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Can’t Communicators Draw Audiences?

Ganesh, Juliet, Banu and Madhu belong to a communication network Sync and lead corporate communications at various organizations in the country. This network is like other networks anywhere in the world – that brings like-minded professionals to connect, engage and learn from each other. The group often faced common situations at work that needed resolution and they have gathered to discuss the need for an event which will bring the best out of the community. Read the following conversation and the conflicts which need answers to. Keen to hear what you think.

Juliet: “It is wonderful that we are able to get together to discuss our first ever corporate communication event”

Madhu: “I agree. This is a great opportunity to get all communicators from different organizations in the city under one roof and discuss issues we all face.”

Ganesh: “Folks, let us go back to the objectives of starting this network. We need to learn from each other since the communication challenges can only be understood by other communicators. We have a younger workforce in most of our organizations, social media is exploding and we need to get a better grasp of it, the role of a communicator is evolving and all of us need to be on the same page. There is a need to build capabilities and mentor budding professionals.”

Banu: “This is all important – however I am unsure if anyone will come for our event unless we have a big draw – like a CEO or a celebrity speaker.”

Ganesh: “You mean, our communicators will not show up for our own event that discusses communications?”

Banu: “I meant – they may come in but not most. You know how it is – people usually expect a big speaker and a leader to share what they think about the communication role and function.They are our stakeholders”

Ganesh: “This is odd. Why must someone else come in to tell us about what we do? Shouldn’t we know it already. Yes, we can always get their views and feedback”

Juliet: (stepping in sensing a conflict). “I think Banu means more people will come in to listen to leaders from the C-suite”.

Ganesh: “I disagree. If the forum is about communication why must someone else come in? Why can’t we exchange ideas based on the work we do and have done – so that everyone can gain insights? I am sure there is immense knowledge already within this forum of 100 communicators.”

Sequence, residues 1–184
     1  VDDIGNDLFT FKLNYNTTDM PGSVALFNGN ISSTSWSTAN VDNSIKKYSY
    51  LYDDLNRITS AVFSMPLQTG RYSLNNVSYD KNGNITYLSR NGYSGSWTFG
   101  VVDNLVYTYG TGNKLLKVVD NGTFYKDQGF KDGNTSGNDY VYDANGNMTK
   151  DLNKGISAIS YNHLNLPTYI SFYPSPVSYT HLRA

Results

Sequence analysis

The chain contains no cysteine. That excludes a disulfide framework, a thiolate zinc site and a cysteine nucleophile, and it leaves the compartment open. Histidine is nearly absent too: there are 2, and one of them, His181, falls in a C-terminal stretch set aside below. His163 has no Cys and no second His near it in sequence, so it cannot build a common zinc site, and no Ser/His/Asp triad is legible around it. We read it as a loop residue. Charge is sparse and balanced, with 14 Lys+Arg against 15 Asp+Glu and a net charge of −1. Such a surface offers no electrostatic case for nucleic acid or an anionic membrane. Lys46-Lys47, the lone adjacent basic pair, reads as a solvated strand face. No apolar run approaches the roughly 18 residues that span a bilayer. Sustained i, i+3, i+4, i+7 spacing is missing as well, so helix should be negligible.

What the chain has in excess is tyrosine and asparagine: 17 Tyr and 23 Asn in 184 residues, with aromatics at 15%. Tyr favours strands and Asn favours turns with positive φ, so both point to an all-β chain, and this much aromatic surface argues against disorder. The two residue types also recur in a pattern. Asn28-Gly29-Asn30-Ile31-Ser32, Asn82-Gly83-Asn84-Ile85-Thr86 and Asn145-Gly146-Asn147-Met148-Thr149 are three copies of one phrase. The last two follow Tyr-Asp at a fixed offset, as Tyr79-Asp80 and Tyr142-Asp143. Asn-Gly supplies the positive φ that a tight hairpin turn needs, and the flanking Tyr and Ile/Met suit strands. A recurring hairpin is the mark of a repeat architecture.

Madhu: (unsure) “I feel we must have a mix – have a leader from outside and have our own communicators share knowledge.”

Ganesh: “Look. I get the draw bit – but why can communicators draw crowds? What do we lack? If we make the content relevant won’t they come?”

Juliet: “Guys, let us revisit this plan and take a poll among our communicators and then come back. what say?”

What do you think?

  • Can’t communicators draw audiences?
  • Why do communication professionals need ratification from stakeholders when we are the experts?

One thought on “Can’t Communicators Draw Audiences?

  1. Can’t communicators draw audiences?
    Communicators can draw an audience, but to an extent. If such meets are more frequent, there has to be something new that can draw the communicators for the event. Just like the communication we send out to our audience, every time we have to re-invent ourselves to make sure our audience do not get bored or put off the moment a communication pops up.

    Why do communication professionals need ratification from stakeholders when we are the experts?
    A communicator’s profession is no different from any other profession. The main crux of a communicator’s success is the ability to communicate the right message in a clear and concise manner. Like any other profession the growth depends on how well it is received by the audience – one of the key stakeholders for a communicator.
    If we as a communicator have to go about our daily errands, we need a message from the source that needs to be communicated to the audience. We as communicators take the message and package it to make it impactful and choose the relevant channel (Digital, Print, Dialogue) to communicate the message to the receivers. This is one of the earliest models of communication. Our job here is just half done. Once the message is communicated, we have to make sure that the whole exercise is effective and efficient. To measure the effectiveness and efficiency, we gather feedback from the audience. This feedback provides the learning for future communication interventions. We have to use this feedback to enhance the effectiveness of our communication. This is how we as communicators grow as experts by using the relevant feedback and improvising. We do get a lot of feedback that is unwarranted and we do not have to concider them. However, we need ratification from both the source and receiver in order to make sure that we have delivered well on the assigned task.

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